Please don’t think of yourself as “trapped.” The real prison lies in giving in to the illness. You needn’t try to break free because you are free. This doesn’t mean that your concerns aren’t valid and worthy of being addressed but know that treating your illness is what gives you the lucidity to be aware of things that might otherwise be ignored. Would you even think about having children were you not on medication? If you were, what would your motivations be for having them compared to your present motivations? I can only speculate but it’s not unusual for people to try and “cure” their ills by having children, hoping that they will fill a hole that they feel is in their lives. Ultimately, this turns out to be a very unhealthy environment for the children. Consider that by treating one’s illness first, one’s reasons for having children would be more about bringing into the world a new generation of individuals to live their own lives and not existing for the sole purpose of addressing the “needs” of their parents.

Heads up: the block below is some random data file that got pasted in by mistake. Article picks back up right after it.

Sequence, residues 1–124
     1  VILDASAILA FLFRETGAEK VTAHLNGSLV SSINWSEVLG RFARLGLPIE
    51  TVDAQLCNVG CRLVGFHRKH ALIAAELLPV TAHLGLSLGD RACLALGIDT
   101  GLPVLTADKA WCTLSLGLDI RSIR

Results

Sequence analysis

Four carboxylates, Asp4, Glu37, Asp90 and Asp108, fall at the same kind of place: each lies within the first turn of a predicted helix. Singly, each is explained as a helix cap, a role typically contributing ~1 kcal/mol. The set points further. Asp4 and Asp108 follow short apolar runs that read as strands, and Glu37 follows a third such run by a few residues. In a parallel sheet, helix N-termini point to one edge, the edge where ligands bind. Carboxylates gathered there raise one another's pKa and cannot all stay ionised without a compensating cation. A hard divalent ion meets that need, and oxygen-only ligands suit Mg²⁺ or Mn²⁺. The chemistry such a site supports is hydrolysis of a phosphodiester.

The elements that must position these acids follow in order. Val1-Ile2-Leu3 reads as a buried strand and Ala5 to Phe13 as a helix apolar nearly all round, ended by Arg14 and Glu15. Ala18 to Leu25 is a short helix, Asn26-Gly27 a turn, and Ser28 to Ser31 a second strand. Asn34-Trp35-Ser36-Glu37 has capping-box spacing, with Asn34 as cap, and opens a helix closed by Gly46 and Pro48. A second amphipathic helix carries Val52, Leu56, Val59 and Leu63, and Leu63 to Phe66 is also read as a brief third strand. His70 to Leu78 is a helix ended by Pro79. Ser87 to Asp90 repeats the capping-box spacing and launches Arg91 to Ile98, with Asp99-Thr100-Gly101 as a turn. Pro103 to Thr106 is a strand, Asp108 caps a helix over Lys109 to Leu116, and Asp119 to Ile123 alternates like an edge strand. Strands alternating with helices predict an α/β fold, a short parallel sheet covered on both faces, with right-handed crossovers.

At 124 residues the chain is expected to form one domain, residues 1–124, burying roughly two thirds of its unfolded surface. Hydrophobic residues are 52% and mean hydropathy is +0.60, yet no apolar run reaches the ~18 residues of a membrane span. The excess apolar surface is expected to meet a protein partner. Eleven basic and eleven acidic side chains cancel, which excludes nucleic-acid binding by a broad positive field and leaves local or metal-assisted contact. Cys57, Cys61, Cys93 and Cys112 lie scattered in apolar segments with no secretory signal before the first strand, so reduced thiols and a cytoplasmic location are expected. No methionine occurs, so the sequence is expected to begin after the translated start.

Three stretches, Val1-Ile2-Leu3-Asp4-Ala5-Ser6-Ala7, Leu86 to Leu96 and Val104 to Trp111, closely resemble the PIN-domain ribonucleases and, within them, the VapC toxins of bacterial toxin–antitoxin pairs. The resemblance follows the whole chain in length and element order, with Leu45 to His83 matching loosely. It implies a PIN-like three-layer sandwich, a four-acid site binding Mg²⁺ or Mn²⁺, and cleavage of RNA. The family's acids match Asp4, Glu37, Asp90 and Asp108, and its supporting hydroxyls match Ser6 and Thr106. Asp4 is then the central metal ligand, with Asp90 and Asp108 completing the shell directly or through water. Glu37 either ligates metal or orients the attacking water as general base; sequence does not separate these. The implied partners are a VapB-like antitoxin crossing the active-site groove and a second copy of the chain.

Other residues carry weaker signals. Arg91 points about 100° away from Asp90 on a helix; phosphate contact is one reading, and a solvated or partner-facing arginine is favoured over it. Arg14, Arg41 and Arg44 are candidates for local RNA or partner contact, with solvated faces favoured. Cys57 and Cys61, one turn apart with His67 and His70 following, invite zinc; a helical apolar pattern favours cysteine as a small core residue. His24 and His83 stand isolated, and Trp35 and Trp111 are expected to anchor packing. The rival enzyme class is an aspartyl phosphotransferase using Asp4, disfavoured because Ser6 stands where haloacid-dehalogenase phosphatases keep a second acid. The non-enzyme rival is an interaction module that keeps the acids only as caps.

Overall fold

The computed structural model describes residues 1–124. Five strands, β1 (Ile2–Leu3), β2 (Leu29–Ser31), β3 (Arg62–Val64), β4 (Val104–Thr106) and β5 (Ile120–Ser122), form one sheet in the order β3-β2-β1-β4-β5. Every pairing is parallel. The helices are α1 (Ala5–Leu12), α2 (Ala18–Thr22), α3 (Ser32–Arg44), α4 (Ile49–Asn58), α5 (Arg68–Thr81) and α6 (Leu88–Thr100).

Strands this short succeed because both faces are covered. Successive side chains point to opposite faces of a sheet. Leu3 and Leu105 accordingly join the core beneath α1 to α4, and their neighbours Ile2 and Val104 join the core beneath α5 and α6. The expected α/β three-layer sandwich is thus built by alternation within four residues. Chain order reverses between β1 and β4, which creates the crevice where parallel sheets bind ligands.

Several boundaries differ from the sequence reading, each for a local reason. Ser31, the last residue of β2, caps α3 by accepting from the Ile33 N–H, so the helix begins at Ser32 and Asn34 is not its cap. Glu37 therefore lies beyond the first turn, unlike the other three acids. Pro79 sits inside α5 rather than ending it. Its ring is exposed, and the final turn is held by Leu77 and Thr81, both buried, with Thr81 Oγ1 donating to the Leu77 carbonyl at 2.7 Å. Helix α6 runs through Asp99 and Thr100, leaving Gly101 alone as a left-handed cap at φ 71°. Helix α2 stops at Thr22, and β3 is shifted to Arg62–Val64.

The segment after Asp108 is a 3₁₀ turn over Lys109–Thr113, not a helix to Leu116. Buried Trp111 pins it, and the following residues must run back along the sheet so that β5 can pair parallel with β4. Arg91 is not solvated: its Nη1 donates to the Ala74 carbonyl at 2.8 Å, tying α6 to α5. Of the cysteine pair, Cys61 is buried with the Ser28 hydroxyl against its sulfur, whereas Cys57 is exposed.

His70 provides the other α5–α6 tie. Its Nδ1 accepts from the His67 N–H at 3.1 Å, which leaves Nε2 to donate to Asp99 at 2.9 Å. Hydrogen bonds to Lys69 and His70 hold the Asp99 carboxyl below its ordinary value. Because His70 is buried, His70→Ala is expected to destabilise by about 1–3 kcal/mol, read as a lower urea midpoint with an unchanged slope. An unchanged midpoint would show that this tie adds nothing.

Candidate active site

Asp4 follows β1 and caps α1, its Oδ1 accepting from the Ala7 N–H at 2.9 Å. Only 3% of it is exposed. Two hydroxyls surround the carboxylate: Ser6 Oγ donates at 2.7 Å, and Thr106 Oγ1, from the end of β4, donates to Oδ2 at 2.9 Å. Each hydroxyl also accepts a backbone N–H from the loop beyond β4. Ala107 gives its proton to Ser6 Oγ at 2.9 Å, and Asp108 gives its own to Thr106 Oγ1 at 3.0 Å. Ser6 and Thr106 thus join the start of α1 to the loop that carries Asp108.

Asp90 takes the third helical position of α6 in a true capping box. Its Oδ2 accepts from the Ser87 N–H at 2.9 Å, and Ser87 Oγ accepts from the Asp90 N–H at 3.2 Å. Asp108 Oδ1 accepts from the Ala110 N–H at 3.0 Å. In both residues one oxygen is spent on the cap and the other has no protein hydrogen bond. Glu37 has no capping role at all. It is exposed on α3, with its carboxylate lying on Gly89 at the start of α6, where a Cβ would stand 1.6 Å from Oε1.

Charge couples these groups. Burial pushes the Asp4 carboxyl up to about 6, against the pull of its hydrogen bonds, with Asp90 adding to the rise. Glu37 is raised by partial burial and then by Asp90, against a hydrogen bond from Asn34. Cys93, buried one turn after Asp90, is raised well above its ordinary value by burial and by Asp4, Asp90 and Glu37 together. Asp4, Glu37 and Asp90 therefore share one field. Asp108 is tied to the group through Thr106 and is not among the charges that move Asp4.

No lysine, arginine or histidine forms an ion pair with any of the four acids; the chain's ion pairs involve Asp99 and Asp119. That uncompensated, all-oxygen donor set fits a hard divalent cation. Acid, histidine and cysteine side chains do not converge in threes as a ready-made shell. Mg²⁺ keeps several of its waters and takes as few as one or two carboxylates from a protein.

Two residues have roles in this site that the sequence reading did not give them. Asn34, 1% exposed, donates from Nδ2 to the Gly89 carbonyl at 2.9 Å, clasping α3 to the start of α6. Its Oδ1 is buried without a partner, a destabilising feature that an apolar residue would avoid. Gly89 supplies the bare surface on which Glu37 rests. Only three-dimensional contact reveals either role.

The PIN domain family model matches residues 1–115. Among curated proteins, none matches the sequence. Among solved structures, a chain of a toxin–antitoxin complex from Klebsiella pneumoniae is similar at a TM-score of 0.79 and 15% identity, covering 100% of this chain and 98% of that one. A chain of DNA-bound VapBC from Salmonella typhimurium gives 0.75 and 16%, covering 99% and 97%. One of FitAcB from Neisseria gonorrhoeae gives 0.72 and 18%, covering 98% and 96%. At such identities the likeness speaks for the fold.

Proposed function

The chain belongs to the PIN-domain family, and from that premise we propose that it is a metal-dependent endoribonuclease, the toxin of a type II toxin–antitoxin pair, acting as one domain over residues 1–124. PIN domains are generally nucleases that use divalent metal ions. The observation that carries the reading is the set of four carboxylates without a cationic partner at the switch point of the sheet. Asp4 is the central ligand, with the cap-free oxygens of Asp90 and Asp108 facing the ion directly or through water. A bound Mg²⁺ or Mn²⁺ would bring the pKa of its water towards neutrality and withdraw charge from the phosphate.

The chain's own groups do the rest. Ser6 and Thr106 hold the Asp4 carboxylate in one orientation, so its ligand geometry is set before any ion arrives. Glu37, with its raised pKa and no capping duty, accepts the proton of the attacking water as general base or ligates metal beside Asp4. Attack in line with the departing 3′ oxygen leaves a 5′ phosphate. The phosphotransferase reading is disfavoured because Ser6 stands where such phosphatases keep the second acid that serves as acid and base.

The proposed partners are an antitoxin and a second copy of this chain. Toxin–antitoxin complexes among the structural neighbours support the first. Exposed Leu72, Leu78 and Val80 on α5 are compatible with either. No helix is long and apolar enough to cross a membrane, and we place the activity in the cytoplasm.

I’m not suggesting that that is your motivation for having children. I just want you to understand that by treating your illness first—taking care of yourself—you’ll be a better caregiver and mother to your children. 
Thank you for contacting me and sharing your experience and concerns with me. I really appreciate making this connection with you and I hope that I’ve been able to say something here that’s been helpful.